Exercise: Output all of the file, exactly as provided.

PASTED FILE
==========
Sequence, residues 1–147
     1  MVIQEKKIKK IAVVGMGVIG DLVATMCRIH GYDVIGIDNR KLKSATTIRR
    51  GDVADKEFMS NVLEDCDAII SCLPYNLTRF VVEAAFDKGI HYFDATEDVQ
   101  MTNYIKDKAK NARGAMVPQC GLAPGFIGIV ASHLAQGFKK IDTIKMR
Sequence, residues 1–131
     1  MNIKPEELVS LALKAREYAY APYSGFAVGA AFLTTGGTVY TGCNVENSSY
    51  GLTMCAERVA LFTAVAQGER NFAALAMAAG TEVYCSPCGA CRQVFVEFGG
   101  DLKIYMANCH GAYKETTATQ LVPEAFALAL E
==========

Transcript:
Sequence, residues 1–147
     1  MVIQEKKIKK IAVVGMGVIG DLVATMCRIH GYDVIGIDNR KLKSATTIRR
    51  GDVADKEFMS NVLEDCDAII SCLPYNLTRF VVEAAFDKGI HYFDATEDVQ
   101  MTNYIKDKAK NARGAMVPQC GLAPGFIGIV ASHLAQGFKK IDTIKMR
Sequence, residues 1–131
     1  MNIKPEELVS LALKAREYAY APYSGFAVGA AFLTTGGTVY TGCNVENSSY
    51  GLTMCAERVA LFTAVAQGER NFAALAMAAG TEVYCSPCGA CRQVFVEFGG
   101  DLKIYMANCH GAYKETTATQ LVPEAFALAL E